folk speech

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Related to folk speech: Folk songs
See: language
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Folk speech, folk syntax, slang and jargon, graffiti, folk sayings, proverbs, folk rhymes, superstitions, and particularly war stories, rumors, anecdotes, and legends permeate his books.
Some are simply glosses by O'Brien, as the book's narrator, pointing out folk speech and naming--"They were called legs or grunts," or "To carry something was to hump it" (5).
Nonstandard usage of were seems to have been a feature of nineteenth century Southern American folk speech.
Based on the literary representations of the rustic New England dialect, the authors' impression is that in nineteenth century New England folk speech the allomorph were was:
and answers it as follows: "New England usage in this matter probably derives from English folk speech or from a regional type of Standard British English reflecting folk usage.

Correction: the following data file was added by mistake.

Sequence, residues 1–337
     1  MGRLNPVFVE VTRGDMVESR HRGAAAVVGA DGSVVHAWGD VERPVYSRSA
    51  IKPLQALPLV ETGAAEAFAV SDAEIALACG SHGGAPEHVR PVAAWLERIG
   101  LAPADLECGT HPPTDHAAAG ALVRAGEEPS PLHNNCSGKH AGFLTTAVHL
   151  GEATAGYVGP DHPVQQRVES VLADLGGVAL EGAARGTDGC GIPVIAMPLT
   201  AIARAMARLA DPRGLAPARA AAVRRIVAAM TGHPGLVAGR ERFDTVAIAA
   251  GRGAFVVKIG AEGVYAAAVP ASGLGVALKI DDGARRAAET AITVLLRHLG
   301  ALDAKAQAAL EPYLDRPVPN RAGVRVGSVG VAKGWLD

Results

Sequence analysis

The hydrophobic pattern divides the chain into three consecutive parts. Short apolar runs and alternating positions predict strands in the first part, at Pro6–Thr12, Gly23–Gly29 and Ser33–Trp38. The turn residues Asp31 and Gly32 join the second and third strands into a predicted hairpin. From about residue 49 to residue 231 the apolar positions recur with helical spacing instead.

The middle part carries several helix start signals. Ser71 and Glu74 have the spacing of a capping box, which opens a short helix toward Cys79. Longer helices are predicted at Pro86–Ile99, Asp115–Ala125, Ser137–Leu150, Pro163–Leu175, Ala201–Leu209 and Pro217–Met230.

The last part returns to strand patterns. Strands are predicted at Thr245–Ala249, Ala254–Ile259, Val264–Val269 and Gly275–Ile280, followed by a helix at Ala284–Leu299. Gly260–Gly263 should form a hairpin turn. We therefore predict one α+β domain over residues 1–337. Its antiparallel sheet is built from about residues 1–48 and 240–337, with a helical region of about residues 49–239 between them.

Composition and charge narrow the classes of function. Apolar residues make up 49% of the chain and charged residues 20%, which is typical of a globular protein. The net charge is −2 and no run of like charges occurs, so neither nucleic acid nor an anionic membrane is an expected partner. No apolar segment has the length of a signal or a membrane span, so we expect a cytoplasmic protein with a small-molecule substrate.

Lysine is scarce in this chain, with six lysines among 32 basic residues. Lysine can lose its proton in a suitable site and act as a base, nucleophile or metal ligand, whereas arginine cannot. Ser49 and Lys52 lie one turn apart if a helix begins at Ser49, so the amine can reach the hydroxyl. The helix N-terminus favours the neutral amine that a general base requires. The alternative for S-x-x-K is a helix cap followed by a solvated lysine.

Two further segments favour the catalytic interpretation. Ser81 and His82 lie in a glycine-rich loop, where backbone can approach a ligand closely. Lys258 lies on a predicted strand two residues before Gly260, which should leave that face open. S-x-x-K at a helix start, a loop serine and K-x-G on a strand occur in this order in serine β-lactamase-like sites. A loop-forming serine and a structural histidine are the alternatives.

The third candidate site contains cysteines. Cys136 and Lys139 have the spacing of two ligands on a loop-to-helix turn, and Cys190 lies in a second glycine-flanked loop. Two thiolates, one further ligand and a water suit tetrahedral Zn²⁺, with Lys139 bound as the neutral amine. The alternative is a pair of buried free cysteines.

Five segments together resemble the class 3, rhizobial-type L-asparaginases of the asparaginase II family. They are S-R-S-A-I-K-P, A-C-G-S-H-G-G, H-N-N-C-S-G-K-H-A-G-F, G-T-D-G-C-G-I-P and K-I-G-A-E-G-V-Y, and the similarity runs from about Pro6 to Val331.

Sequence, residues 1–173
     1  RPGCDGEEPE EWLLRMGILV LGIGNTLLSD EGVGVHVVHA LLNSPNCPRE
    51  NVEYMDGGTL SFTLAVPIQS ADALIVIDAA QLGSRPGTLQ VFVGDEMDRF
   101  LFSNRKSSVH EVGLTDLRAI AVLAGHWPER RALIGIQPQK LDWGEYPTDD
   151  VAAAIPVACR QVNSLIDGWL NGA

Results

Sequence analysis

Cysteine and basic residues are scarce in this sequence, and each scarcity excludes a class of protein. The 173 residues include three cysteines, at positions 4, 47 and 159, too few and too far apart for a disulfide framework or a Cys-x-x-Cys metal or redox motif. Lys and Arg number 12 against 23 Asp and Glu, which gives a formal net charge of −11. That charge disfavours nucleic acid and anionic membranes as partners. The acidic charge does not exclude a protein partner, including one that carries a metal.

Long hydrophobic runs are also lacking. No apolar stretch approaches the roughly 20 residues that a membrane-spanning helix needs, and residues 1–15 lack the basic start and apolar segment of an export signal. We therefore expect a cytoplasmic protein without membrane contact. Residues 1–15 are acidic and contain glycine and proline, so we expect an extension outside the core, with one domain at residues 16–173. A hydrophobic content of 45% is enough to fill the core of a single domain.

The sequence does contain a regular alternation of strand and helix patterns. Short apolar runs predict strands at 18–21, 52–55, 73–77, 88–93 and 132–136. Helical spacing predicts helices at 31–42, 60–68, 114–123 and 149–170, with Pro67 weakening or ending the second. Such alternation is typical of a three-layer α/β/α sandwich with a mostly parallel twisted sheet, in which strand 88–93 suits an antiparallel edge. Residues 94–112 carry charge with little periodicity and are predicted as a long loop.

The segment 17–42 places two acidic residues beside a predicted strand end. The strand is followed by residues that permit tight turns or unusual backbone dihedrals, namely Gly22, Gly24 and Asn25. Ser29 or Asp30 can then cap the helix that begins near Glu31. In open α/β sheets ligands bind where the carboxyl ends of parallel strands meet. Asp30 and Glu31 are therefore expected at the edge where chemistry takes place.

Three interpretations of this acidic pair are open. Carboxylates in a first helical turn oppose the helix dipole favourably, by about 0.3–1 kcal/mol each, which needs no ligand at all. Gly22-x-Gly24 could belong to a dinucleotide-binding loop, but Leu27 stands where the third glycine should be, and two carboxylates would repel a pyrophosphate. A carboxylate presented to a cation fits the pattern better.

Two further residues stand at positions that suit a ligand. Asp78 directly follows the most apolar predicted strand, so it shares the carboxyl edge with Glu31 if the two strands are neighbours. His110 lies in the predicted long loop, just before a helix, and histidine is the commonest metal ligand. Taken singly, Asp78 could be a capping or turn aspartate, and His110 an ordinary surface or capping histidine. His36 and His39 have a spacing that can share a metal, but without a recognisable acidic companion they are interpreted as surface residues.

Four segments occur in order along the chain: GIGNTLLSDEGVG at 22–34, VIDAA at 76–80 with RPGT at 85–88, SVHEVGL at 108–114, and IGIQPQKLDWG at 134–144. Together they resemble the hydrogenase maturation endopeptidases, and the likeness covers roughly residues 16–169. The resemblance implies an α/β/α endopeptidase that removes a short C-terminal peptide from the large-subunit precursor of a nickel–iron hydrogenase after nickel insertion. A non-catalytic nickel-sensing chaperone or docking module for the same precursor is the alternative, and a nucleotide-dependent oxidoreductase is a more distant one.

Iola's inability to understand this dialect, subaltern speech confirms her solid bourgeois standing and contributes to a devaluing of folk speech, especially as her broader conversation with Gresham centers around the need for black educators to help ameliorate the "'duncery of slavery,'" a process that Gresham expects "'will take generations'" (145).
In these scenes and others, Robert justifies the ways of the folk to the white listener (and white reader) by adopting folk speech, thus expressing and advocating a vernacular world view.
With a remarkable ear for the idiom, cadence, and the tones of folk speech, Brown absorbed its vibrant qualities in his poetry.
This whole notion of folklore and folk speech is at the root of our cultural traditions.
In a similar way, Toomer's Cane and Hurston's Their Eyes Were Watching God rescued authentic black folk speech and literary form from a modern commercial culture intent on destroying them.